[Eoas-seminar] **REMINDER**REMINDER** THIS AFTERNOON** GFDI Colloquium on Monday, January 22, at 2:30PM in Kemper-Fox Seminar Room, #701 Keen Bldg.

eoas-seminar at lists.fsu.edu eoas-seminar at lists.fsu.edu
Mon Jan 22 10:08:21 EST 2018


&                                                                           GFDI COLLOQUIUM                                                                             &


“Thresholds of Catastrophe in the Earth System”


Dr. Daniel H. Rothman
Lorenz Center
Department of Earth, Atmospheric, and Planetary Sciences, MIT


Monday, January 22, 2018 at 2:30PM


Kemper-Fox Seminar Room

701 Keen Building

Refreshments will be served at 12:45PM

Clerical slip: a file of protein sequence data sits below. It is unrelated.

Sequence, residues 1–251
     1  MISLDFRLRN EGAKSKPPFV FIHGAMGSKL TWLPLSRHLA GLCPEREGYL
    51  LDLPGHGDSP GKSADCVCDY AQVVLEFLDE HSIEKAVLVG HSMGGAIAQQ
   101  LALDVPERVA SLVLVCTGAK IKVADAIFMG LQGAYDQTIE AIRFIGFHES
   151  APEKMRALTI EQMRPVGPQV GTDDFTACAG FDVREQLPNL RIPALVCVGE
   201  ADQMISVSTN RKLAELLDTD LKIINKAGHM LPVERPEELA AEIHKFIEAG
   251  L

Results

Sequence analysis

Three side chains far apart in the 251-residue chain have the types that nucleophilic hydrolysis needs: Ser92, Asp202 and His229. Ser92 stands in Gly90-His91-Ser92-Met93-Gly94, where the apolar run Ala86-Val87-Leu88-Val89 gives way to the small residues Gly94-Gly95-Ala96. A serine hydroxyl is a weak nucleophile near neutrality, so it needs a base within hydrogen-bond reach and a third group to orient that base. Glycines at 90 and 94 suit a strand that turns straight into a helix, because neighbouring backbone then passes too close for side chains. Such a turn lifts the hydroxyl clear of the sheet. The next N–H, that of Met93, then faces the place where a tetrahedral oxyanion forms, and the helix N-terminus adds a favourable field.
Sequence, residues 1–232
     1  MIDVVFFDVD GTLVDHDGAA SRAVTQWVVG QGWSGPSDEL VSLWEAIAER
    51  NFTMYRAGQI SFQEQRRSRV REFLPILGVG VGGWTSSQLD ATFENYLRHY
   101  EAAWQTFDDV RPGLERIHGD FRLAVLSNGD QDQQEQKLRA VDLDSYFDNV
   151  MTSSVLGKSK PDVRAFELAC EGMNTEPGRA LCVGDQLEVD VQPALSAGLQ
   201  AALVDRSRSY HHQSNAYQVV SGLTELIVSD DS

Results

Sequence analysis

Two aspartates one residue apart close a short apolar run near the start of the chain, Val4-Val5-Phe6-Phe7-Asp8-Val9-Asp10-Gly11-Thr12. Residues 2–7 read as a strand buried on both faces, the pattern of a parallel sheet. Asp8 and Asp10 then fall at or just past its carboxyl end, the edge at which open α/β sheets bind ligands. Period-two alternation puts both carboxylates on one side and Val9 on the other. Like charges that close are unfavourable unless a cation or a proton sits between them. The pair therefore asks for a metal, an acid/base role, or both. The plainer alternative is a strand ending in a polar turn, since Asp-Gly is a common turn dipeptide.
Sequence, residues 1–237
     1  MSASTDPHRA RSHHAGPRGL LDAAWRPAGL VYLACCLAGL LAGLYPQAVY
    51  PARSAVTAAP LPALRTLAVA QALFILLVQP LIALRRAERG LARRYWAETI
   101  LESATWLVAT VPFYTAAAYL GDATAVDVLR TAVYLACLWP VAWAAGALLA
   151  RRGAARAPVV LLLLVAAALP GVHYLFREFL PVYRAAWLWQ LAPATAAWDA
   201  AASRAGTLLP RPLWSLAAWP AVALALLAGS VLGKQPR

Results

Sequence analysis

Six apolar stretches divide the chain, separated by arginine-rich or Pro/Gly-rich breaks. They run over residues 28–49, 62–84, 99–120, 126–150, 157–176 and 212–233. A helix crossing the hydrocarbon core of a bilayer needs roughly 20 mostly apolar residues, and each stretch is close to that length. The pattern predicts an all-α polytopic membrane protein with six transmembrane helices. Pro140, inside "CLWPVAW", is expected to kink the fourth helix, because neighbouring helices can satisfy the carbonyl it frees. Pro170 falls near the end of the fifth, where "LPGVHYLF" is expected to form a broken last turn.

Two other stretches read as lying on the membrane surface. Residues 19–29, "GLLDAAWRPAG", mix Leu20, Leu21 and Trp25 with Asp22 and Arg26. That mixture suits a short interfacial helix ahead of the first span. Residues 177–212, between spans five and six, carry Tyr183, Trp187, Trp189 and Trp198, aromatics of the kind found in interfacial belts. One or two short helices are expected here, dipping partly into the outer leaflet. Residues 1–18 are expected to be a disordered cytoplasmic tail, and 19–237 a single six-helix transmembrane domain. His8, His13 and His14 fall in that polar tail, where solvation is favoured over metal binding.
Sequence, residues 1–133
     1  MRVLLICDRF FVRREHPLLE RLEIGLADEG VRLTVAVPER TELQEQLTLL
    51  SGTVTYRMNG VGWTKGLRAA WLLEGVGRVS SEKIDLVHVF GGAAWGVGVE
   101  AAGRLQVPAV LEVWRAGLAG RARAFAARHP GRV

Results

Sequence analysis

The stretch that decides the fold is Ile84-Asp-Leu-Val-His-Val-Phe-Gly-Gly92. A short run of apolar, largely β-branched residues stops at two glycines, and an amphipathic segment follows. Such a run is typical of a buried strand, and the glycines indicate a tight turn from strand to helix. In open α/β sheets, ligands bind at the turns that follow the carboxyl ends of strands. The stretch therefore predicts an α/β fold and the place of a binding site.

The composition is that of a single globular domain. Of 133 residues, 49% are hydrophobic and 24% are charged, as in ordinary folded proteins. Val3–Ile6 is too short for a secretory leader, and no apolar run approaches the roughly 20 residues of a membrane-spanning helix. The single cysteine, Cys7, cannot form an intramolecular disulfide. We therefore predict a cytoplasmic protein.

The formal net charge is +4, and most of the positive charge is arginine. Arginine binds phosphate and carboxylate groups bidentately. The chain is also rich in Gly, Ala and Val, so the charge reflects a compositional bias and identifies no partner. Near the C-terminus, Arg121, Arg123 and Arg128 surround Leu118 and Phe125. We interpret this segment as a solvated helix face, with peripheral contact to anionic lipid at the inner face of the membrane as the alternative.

Earth's carbon cycle, a loop between photosynthesis and respiration, represents metabolism at a global scale.  Mass extinction is always accompanied by disruption of the loop.  Yet the geochemical record also exhibits many such disruptions without mass extinction.  What separates extinctions from benign events?  At geologic timescales, mass extinctions are associated with perturbations of the carbon cycle that exceed a critical rate related to incomplete respiration.  At short time scales, mass extinction instead occurs when a perturbation exceeds a critical mass related to other biogeochemical processes.  A simple calculation suggests that the mass of carbon added to the oceans by human activities will exceed the critical mass by the year 2100.  What happens next?  Analysis of a two-dimensional dynamical system reveals two routes to runaway ocean acidification: via bifurcation of a stable fixed point to a stable limit cycle, or by the transient excitation of a stable fixed point (as in biophysical models of action potentials).  The latter route, which is consistent with observations, shows how modest perturbations can result in catastrophic excitations of an otherwise stable carbon cycle.

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